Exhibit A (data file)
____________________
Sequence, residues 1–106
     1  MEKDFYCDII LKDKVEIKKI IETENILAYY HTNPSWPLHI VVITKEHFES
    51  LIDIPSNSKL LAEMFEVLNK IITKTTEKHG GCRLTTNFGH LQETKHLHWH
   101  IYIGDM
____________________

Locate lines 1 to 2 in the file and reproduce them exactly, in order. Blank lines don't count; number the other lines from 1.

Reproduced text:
Sequence, residues 1–106
     1  MEKDFYCDII LKDKVEIKKI IETENILAYY HTNPSWPLHI VVITKEHFES